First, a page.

Wildfire behavior modelling in mountain pine beetle affected stands of British Columbia

PROJECT TEAM

Marcos Riquelme, PhD Student

Dr. Allan Carroll, PhD

Dr. Lori Daniels, PhD

Increased fuels

THE ONGOING MPB OUTBREAK has decimated over 18 million hectares of lodgepole pine forests in British Columbia. Effects associated with climate change, such as warming temperatures and drying climate, continue to enable MPB to establish in novel areas and expand its range. As a result, MPB-affected stands continue to rise along with their consequential fuels. Simultaneously, even in the absence of MPB, wildfire susceptibility has increased due to drought conditions associated with climate change. Therefore, the drought-driven increase of wildfire susceptibility and the fuel accumulation from MPB-affected stands due to climate change continue to create the perfect storm for yet another season of catastrophic wildfire in British Columbia.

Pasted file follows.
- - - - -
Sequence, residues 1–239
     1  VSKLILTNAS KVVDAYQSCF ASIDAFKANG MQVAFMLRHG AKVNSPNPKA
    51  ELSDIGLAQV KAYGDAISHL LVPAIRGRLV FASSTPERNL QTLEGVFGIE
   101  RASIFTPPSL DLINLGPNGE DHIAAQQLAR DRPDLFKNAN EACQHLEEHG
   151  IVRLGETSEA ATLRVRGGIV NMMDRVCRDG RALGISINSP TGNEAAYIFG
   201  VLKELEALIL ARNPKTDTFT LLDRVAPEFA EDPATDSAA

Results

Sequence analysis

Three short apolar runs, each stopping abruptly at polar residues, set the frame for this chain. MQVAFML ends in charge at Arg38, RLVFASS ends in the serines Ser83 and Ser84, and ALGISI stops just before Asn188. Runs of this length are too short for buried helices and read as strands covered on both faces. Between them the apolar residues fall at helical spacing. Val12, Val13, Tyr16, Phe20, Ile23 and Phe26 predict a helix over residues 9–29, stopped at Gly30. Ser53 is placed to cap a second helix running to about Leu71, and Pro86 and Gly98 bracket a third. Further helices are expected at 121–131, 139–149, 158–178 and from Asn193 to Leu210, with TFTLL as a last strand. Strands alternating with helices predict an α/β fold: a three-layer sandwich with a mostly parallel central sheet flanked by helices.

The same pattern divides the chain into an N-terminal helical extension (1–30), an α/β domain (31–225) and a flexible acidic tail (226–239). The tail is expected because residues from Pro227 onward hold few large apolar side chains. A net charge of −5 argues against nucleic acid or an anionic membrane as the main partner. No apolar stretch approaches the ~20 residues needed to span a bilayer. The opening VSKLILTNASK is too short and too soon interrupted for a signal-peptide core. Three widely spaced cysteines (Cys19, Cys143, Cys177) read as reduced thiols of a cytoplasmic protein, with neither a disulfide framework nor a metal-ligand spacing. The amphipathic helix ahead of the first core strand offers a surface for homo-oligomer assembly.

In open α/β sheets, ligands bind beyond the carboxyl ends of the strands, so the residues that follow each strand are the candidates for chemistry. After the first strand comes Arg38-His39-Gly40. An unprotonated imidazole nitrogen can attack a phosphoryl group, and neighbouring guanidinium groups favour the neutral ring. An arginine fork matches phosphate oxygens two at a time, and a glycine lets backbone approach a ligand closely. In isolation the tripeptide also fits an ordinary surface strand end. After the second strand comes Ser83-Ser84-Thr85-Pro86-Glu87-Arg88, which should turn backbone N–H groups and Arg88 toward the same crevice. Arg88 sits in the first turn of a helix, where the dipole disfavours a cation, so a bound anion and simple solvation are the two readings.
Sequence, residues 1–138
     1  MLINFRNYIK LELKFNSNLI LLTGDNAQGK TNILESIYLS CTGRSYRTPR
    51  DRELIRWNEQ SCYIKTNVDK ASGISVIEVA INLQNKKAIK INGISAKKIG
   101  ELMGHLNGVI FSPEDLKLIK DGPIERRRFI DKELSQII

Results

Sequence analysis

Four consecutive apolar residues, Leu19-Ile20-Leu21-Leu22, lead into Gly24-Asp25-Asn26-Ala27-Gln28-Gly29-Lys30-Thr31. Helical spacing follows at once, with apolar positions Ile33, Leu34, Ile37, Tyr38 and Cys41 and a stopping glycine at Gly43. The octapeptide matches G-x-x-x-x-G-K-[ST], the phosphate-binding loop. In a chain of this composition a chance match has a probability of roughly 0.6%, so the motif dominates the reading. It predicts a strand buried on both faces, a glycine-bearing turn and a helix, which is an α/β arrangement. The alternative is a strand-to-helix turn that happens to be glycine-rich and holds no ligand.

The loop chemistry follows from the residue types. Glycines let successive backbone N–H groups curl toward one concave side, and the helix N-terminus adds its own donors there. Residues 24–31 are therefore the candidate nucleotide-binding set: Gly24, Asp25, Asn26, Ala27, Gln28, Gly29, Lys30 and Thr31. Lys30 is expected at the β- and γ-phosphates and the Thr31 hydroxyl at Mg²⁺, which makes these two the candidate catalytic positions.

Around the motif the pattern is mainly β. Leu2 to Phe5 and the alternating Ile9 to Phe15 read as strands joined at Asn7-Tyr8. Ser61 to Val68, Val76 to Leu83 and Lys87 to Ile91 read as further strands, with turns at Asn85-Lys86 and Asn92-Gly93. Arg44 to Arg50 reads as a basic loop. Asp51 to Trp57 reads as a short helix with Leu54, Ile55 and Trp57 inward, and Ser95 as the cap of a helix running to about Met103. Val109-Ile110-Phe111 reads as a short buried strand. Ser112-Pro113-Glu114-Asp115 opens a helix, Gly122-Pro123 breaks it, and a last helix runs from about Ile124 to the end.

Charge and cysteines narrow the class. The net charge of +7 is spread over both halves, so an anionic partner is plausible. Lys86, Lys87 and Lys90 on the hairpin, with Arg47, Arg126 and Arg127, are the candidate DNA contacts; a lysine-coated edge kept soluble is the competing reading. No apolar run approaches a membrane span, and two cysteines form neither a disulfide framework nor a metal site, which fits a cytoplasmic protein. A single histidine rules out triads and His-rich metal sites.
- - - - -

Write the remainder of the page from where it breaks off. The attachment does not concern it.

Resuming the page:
“MPB-affected stands continue to rise along with their consequential fuels. Simultaneously, wildfire susceptibility has increased due to drought conditions associated with climate change.”

– Marcos Riquelme

The Effects of Wildfire

THUS FAR, the method implemented in British Columbia to treat MPB-affected stands has been salvage-logging. This remedial approach consists of logging the MPB-damaged trees in an attempt to recover economic value that would otherwise be lost while also reducing forest fuel content, thus decreasing the wildfire hazard in the future. However, little has been done to generate forecasting methods to preemptively address the issue of high severity wildfires in MPB-affected stands of British Columbia. At present, one fire behavior model has been developed, but improving this model could help better inform land management decisions.